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Why Delhi Is Becoming the Smog Capital of The World

Smog in New Delhi on Nov. 5, 2019. 

Smog in New Delhi on Nov. 5, 2019. 

Photographer: Ruhani Kaur/Bloomberg

Millions of Indians are breathing in the world’s most toxic air. Each winter, thick smog envelops the capital of New Delhi and numerous cities across the dusty and densely populated North Indian plains. Air pollution in the New Delhi metropolis -- home to 20 million people -- has proved especially stubborn in 2019, and especially potent: One measure of pollution exceeded World Health Organization daily recommended limits by a factor of more than 20. An estimated 1.24 million people died in 2017 from India’s dirty air -- an annual catastrophe that the country’s authorities are struggling to contain.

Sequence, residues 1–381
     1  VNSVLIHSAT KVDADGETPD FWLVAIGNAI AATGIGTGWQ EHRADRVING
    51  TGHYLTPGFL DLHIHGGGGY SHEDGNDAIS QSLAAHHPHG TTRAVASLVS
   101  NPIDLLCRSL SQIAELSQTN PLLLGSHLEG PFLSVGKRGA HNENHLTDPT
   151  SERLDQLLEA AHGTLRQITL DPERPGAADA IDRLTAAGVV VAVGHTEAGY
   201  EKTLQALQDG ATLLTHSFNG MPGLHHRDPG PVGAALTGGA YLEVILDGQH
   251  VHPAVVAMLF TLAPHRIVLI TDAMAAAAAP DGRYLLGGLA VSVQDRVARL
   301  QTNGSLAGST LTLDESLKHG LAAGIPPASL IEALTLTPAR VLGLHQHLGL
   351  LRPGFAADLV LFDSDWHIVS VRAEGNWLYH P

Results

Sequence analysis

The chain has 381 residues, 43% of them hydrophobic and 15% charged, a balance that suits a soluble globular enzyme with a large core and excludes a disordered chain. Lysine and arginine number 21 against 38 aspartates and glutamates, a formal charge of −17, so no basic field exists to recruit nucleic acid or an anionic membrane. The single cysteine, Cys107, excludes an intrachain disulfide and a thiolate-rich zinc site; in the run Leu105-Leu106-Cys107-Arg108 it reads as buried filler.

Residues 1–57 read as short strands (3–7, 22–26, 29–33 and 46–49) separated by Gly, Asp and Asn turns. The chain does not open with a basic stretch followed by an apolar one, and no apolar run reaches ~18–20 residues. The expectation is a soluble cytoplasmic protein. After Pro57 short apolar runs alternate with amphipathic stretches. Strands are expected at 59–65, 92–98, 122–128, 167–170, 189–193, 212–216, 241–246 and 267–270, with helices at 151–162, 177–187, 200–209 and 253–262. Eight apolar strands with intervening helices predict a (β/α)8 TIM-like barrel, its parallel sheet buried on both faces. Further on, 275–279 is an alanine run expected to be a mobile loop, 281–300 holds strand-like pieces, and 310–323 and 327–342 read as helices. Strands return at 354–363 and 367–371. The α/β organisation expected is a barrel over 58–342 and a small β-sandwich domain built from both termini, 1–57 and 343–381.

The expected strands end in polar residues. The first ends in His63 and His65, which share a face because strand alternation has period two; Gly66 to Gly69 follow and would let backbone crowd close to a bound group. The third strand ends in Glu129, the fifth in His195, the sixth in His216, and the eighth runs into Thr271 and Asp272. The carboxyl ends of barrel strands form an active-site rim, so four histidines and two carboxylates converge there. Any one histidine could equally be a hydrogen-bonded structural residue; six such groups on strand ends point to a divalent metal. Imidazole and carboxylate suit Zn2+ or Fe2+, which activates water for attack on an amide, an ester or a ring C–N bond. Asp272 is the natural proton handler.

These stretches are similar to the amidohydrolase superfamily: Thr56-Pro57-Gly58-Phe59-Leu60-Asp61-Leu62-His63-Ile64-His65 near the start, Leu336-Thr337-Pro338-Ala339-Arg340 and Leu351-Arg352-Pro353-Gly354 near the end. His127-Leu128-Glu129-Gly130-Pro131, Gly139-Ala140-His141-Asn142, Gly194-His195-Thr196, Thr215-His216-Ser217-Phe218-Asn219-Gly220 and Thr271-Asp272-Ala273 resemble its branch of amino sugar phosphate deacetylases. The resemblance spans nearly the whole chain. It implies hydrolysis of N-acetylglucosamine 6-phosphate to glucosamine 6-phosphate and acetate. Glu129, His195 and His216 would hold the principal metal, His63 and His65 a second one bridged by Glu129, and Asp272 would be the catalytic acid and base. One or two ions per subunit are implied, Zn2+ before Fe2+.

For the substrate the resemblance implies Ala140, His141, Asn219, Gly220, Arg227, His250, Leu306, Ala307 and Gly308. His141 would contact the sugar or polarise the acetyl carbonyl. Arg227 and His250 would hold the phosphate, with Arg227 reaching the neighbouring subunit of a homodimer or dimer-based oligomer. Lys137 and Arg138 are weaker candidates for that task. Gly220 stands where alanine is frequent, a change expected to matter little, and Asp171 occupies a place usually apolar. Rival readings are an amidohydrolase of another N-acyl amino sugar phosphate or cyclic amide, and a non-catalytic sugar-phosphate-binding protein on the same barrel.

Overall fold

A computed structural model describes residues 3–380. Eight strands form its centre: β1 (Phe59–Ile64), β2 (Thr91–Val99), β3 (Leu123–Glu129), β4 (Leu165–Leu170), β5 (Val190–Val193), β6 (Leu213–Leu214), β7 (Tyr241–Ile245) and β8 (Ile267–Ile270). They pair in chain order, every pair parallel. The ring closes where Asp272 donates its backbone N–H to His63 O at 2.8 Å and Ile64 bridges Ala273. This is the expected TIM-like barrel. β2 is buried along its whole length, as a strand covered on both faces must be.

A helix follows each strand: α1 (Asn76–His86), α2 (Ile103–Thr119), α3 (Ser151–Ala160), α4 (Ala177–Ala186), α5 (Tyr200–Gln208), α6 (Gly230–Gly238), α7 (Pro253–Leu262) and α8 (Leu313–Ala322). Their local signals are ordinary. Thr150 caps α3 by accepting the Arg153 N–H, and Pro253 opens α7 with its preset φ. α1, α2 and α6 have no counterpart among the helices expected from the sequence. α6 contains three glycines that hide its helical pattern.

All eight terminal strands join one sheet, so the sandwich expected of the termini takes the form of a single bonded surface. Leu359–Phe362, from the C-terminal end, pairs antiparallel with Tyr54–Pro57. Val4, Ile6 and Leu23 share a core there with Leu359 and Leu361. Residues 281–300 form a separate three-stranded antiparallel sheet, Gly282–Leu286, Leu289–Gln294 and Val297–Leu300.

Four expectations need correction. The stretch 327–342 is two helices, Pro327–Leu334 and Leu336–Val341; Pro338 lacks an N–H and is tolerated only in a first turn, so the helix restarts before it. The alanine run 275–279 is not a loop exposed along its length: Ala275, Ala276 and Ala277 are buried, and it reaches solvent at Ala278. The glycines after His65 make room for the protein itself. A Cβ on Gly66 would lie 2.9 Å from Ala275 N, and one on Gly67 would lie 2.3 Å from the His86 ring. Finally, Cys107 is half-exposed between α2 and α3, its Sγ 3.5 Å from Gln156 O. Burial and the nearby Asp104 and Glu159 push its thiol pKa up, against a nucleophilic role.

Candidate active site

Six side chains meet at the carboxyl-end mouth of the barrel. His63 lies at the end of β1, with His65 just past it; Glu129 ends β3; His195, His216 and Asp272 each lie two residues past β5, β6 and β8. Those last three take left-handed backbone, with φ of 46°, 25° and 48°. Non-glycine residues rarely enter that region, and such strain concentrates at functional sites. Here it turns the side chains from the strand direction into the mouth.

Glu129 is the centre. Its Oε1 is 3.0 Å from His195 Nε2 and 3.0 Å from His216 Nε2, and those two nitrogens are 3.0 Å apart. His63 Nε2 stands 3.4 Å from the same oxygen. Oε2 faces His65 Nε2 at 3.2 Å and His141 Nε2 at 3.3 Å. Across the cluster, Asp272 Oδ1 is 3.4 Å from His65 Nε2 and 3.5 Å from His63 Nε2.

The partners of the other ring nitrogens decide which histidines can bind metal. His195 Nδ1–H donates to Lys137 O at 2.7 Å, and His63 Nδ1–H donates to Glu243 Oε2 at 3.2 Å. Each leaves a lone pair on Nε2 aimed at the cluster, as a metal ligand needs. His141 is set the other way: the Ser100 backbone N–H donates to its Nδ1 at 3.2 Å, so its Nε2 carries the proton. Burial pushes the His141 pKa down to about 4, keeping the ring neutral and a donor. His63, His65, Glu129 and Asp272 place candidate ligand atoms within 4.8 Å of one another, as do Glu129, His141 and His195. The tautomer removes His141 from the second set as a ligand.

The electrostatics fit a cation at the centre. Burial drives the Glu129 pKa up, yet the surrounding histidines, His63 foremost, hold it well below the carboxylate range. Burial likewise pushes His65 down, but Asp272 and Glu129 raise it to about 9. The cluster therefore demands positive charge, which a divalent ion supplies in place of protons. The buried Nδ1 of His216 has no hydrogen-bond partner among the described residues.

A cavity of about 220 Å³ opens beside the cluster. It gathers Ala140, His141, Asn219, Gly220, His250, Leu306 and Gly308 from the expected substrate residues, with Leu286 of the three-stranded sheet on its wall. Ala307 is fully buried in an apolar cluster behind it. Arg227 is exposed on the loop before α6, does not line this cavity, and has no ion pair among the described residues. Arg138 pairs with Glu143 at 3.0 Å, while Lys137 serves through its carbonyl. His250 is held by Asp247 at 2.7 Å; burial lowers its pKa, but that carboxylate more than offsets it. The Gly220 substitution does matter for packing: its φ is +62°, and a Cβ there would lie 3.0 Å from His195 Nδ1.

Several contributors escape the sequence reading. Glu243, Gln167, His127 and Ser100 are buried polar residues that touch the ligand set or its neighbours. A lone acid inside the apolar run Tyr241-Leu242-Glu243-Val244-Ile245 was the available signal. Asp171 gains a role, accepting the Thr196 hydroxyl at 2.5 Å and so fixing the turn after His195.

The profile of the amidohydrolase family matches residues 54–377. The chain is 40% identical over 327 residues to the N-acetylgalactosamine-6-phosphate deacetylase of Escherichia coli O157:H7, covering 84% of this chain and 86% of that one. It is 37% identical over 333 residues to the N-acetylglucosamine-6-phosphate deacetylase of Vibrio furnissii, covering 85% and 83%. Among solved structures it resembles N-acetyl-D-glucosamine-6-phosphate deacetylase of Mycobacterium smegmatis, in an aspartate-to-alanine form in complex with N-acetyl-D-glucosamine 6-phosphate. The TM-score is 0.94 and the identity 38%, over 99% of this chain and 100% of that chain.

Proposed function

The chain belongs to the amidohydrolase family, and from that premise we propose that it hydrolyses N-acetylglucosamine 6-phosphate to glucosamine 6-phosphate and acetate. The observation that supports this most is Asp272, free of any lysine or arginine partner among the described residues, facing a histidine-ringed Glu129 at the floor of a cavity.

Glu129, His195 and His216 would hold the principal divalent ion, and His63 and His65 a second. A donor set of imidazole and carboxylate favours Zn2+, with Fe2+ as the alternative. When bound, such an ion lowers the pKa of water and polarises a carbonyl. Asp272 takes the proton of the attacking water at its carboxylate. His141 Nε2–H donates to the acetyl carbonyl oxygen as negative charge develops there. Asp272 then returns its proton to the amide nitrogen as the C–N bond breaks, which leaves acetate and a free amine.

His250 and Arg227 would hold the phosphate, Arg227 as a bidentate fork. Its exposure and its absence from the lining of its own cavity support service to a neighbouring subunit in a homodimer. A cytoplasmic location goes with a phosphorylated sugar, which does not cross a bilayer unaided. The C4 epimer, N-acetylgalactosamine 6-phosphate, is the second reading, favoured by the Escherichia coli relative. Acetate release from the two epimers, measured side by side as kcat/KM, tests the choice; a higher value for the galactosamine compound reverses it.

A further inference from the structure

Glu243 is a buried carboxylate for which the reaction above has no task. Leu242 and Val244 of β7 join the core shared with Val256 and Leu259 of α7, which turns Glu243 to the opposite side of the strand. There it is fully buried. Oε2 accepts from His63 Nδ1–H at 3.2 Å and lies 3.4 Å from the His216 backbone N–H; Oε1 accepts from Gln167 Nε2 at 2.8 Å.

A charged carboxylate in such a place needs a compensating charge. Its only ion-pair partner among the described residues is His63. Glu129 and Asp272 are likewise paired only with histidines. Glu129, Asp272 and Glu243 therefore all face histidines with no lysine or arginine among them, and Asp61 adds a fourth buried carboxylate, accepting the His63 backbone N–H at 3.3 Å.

Vehicle and industrial emissions contribute year-round, as do road and construction dust and domestic fires lit by the poor. But a grim extra wallop comes late in the year from the burning of crop stubble, which continues despite being banned in the surrounding states of Punjab, Uttar Pradesh, Haryana and Rajasthan. Farmers traditionally clear fields by burning in preparation for the winter season. Compounding the problem: The trough-like topography of north India means polluted air lingers in colder months.